Maybe this sounds like it should be common sense. People should just know, you say. But what if people weren’t raised well? Like me. What if they’re kind of feral and can be thoughtless and ill-mannered socially? Also me. Or what if someone is only beginning to examine their own ableism and would like to move it along a bit faster?
I’m writing for these folks because having a friend with a chronic illness can be stressful, guilt-inducing, and confusing. You don’t know when and if you should offer help. You know that friendship shouldn’t be one-sided, but sometimes this can feel as if it is. And you don’t know if feeling frustrated with your friend’s new limitations is okay (hint: it totally is).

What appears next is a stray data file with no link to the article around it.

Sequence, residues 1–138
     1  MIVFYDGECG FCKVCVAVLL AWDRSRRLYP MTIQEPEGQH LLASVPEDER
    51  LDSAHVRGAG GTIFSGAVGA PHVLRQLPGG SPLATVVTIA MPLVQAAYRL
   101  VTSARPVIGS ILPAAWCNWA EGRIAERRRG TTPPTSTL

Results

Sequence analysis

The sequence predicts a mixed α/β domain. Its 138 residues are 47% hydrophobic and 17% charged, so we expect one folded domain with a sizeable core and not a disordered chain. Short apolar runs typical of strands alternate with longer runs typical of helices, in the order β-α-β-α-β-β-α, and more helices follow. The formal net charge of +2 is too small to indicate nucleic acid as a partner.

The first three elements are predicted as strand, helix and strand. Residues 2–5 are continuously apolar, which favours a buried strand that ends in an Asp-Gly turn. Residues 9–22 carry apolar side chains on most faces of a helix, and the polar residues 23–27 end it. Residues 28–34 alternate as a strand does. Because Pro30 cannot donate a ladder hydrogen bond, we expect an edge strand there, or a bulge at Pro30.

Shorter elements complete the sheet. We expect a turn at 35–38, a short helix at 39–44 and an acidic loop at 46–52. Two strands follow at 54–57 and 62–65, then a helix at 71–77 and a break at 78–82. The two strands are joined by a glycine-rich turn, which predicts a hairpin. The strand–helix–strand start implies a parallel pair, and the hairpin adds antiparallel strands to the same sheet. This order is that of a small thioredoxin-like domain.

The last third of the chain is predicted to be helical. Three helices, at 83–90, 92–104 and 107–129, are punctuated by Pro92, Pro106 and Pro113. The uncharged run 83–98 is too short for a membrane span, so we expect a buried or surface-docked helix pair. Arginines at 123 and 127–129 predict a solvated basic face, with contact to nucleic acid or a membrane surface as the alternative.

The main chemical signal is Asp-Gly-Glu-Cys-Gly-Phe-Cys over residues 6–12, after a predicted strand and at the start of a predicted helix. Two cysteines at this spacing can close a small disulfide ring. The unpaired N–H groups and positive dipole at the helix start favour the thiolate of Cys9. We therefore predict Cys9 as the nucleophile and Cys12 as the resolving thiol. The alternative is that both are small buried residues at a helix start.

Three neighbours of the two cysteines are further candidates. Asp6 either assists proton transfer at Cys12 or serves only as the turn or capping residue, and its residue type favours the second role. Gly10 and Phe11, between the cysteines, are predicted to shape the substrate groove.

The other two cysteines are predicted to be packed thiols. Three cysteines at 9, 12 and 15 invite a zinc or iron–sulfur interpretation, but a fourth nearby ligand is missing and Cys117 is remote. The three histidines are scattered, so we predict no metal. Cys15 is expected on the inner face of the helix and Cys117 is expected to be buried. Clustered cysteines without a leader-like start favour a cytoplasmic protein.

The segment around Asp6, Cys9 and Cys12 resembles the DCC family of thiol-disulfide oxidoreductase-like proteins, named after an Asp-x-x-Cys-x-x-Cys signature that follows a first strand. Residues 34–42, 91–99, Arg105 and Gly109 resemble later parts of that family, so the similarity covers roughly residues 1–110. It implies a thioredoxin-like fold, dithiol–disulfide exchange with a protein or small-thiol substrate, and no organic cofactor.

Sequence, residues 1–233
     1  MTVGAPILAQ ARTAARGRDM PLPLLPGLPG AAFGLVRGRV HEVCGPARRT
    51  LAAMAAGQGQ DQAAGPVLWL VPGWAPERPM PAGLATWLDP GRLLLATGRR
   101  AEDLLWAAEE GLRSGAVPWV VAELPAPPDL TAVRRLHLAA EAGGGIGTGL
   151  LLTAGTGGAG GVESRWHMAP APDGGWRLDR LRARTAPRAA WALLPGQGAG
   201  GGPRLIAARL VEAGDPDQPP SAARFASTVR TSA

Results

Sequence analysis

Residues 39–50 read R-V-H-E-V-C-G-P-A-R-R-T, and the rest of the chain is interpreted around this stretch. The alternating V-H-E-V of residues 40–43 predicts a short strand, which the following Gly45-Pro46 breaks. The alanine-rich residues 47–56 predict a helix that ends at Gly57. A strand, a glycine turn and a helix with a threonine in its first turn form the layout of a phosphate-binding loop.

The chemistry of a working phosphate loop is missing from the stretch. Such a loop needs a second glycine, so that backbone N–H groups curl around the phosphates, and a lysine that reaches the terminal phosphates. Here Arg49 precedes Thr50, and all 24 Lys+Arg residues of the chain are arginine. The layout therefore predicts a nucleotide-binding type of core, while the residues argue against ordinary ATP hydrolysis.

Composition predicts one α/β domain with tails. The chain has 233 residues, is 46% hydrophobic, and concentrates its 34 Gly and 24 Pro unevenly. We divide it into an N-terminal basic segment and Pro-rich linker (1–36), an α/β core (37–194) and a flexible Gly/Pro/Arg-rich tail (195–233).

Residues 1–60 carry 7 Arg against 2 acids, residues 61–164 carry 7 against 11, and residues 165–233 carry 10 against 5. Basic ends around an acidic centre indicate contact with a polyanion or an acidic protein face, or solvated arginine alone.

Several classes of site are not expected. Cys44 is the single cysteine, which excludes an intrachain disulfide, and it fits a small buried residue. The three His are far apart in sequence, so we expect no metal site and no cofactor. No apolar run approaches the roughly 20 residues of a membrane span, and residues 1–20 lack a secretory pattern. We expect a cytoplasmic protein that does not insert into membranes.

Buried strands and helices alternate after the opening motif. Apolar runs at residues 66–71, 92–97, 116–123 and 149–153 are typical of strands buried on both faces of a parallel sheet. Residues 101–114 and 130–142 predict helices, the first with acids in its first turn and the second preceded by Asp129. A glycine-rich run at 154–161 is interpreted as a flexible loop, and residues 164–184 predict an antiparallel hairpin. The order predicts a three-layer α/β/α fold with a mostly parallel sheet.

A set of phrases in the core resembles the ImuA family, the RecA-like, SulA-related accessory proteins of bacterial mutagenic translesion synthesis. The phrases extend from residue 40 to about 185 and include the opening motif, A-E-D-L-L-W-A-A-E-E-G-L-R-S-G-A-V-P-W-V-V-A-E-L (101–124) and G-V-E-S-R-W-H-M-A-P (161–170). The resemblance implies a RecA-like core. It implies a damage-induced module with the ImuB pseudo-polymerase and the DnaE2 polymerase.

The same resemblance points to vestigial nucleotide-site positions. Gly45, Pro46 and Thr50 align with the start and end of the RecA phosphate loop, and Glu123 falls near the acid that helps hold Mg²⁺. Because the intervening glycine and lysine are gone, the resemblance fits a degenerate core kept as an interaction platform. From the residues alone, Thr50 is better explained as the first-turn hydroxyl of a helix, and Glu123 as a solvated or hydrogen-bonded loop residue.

You are allowed to feel everything you feel. Grief, over how you’ll never go kitesurfing with them now. Resentment, that now they can’t go on that awesome Australian Outback tour you’d planned together. Frustration, over all those canceled visits when their illness flares up or they have an attack.
These are all feelings about yourself, but first off: That’s okay. You’re a person, too. And we all look through a selfish lens sometimes. Sometimes we focus on what we want from other people, rather than what they’re capable of giving and how they’re feeling. That’s part of being human. And it’s something we have to negotiate in a friendship where someone has a disability and the other doesn’t. In many ways, nothing about the fundamentals of friendship changes with disability. But in the way we approach those fundamentals, everything does.
1. If it feels one-sided, adjust your expectations.